Alberta teen with 3 brain tumours becomes school basketball team’s manager
Sherwood Park teenager Ryan Hauck is living his dream of playing basketball, thanks to a supportive coach and teammates.
Ryan’s mom, Kimberley Hauck, said her son just learned learned how to play basketball last year at the Free2BeMe program for special needs kids.
He fell in love with the sport and became more and more interested in it.
“He got word that his school was having basketball tryouts and he was like, ‘Mom! Mom! I really want to be on the team. I want to try out for the basketball team,'” Kimberley recalled.
The F.R. Haythorne senior boys basketball coach had taught Ryan in grades seven and eight and was surprised to see him.
“He showed up for our first 7 a.m. tryout with a lot of energy. He was pretty pumped about it. About 10 minutes in, he’s like, ‘Alright, I’m good to go – that’s it,'” laughed coach Tanner Stephens.
Ryan was born with neurofibromatosis, a condition that impairs his motor skills as tumours appear randomly in his body.
Ryan went to every tryout but just before the coach made his selections, Kimberley sat Ryan down.
“As a mom, I had to have the talk with him that, ‘You’re probably not going to make it on the team. You’re not going to be able to keep up with the regular kids,'” she said.
Together, they made a plan to ask coach Stephens if there was another way Ryan could be part of the team – but he was already on it.
“I thought to myself, ‘It’d be awesome to have him involved with the team. He’s such an awesome kid,'” Stephens said. “Just as I went to approach him to be the manager of the team, he was asking if he could be the waterboy so it matched up pretty nicely.”
Ryan happily accepted his manager role. He has lots of responsibilities.
“Watch the team, coach the team, yell at the boys,” he explained.
His teammate and friend Evan Labonne said Ryan takes his job pretty seriously.
“He threatens to run us in practice which always gets us going in games, so you make sure you’re doing your best,” he joked.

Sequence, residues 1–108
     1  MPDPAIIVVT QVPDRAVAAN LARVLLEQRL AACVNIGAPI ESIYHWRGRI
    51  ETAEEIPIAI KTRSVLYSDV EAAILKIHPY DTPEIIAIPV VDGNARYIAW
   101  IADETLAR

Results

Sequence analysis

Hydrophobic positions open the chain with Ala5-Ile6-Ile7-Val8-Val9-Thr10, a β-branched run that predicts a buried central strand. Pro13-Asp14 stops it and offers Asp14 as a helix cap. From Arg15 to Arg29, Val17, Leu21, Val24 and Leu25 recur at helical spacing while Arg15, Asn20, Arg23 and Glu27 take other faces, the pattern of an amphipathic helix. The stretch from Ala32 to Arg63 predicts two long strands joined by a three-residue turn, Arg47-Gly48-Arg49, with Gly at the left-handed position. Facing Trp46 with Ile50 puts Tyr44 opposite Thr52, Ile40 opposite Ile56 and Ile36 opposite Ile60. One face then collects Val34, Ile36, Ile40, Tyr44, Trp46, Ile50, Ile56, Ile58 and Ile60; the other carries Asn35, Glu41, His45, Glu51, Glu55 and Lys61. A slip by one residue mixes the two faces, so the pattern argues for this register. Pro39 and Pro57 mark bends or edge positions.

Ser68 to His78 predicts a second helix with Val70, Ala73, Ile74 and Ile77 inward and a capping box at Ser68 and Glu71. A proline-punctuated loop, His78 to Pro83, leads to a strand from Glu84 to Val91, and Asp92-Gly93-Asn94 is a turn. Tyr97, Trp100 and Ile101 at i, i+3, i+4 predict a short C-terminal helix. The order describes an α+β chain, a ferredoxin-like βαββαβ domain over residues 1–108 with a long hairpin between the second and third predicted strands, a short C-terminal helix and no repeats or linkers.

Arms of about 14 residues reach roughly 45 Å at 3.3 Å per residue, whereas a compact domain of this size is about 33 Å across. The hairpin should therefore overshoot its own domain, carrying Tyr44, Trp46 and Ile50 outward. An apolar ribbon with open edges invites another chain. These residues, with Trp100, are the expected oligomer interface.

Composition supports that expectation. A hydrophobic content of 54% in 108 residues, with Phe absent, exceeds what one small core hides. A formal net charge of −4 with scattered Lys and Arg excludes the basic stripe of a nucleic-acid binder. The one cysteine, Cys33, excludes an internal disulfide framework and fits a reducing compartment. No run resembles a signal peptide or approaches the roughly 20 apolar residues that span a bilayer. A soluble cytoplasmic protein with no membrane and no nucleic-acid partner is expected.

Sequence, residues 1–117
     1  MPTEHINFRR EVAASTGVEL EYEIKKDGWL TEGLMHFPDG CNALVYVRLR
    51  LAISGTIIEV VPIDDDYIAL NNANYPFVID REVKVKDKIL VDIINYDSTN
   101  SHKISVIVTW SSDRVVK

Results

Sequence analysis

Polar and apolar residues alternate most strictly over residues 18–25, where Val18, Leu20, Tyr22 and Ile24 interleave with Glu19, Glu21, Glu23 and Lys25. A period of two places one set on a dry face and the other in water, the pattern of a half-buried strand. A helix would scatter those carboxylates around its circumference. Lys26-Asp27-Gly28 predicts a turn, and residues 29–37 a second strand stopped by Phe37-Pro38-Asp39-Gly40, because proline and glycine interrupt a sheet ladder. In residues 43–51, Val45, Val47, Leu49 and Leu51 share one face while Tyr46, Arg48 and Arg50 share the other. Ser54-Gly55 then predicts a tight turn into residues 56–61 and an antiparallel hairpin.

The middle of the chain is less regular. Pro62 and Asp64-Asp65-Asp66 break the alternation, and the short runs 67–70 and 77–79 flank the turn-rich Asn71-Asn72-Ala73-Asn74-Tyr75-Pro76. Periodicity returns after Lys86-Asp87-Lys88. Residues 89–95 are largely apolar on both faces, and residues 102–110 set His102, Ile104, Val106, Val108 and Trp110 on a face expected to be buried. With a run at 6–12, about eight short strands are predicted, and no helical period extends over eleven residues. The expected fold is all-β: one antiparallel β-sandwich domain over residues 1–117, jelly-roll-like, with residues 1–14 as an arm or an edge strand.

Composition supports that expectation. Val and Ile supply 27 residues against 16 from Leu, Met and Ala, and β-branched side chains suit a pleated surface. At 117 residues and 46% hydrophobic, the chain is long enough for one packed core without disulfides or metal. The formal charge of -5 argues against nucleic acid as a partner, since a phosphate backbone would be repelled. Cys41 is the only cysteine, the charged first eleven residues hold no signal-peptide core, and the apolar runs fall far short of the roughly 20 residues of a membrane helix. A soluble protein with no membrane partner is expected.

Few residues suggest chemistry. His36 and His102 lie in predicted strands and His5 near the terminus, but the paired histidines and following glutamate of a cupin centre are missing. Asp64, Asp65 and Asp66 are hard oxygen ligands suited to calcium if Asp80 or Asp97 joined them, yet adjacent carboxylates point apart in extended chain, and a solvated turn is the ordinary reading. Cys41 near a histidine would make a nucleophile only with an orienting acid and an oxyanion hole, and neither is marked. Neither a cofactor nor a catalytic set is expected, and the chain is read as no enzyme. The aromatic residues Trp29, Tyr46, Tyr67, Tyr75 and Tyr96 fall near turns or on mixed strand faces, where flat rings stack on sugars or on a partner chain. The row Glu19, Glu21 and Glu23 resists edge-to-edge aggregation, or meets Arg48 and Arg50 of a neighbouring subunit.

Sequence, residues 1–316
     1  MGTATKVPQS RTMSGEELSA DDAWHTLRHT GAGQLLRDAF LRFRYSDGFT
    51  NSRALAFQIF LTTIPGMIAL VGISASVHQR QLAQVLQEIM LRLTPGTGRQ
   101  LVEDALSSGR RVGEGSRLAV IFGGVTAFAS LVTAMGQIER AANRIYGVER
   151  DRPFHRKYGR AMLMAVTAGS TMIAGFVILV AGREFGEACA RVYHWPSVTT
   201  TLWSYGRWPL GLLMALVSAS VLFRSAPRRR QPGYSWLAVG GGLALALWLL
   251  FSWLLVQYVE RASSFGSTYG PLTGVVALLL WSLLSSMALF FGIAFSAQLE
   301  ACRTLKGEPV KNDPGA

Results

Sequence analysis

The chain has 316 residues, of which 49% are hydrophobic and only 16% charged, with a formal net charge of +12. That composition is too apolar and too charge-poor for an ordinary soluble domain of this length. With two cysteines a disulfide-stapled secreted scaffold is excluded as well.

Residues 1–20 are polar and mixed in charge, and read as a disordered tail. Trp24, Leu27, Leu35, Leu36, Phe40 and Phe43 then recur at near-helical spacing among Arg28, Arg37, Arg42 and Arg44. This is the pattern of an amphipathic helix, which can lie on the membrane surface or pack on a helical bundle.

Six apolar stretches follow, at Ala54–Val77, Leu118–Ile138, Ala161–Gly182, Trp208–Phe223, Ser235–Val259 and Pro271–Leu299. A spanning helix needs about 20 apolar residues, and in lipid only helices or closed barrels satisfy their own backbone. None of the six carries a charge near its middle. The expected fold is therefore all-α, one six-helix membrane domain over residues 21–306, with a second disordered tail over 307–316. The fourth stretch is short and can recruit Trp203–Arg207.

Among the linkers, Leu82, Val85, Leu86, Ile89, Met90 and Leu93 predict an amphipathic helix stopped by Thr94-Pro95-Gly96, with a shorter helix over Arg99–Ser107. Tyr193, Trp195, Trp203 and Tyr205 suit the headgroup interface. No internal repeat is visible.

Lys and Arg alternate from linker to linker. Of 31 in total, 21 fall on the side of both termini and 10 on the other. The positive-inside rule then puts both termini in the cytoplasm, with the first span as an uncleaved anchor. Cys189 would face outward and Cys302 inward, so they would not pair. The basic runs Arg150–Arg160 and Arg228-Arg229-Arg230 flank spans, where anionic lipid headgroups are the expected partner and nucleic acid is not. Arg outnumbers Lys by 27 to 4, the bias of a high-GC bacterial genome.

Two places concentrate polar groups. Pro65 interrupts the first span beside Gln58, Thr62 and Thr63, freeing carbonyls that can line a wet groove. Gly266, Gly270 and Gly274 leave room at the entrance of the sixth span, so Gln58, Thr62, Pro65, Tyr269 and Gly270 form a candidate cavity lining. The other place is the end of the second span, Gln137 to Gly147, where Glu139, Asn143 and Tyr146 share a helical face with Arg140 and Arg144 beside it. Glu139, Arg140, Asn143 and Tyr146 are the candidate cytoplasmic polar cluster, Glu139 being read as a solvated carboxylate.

The team decided to include Ryan in their warm-ups by having him shoot a foul shot.
“What we do is we circle around and even if it takes him five minutes for one shot, we’re still going to be there,” Labonne said. “Then we start as soon as he makes his first shot.”
It’s something that brought tears to Kimberley’s eyes each game.
“He just wanted to do what other kids his age do which is play sports and especially basketball. This school gave him the opportunity,” she said.
Ryan’s mom said she can’t thank coach Stephens enough.
“His coach went above and beyond… letting him ride on the bus with the team and the coach has even driven Ryan home,” she explained. “He went and ordered him all the team gear so he can wear what the team wears.”
But Stephens wasn’t done quite yet.
“I thought about it all year. I wanted to do something special for him, just because he’s been such a huge part of our team and has meant so much to the boys and to myself,” he said. “His positivity is just super infectious for all of us and it’s made it a really awesome season.”
So last week, he called Ryan off the sidelines and onto the court for his first ever game.
“He came out, ready to go. Warmed up, was super into it. He was really excited. He told me he was only going to go in for 30 seconds and that was it. He went in and the boys were super excited,” Stephens recalled.
Then they passed the ball to Ryan in the key.
“He took a couple shots to get there. The boys kept rebounding for him and then he finally hit it. It was really exciting. His smile just lit up the room and I don’t think there was too many dry eyes in the gymnasium that night.”
“It was a super special moment. The highlight of my coaching career to see just the pure joy on his face and the rest of the team.”
Ryan’s face lights up when he remembers that day.
“It was an amazing game. My first two points,” he said.
Again, Kimberley burst into tears.
“Ryan called that the best moment of his life. It’s something I’ll never forget,” she said. “As a mom of a special needs child, you never get to have those regular kid moments, letting him just be one of the guys. All of your hopes and dreams are put to the side and you just focus on survival and hope he’s going to make it.”
Ryan is graduating Grade 9 this year and moving over to Bev Facey High School. He said the thing he’ll miss most is his teammates.
“They’re wonderful guys.”
Labonne is planning on going to the same school, and while Ryan isn’t sure if he’ll try out for the Bev Facey team, his friend hopes he does.
“I’m going to, and I certainly hope I get to be on the team with him. I’ve had a great year with him this year and I hope we can do it again.”
© 2017 Global News, a division of Corus Entertainment Inc.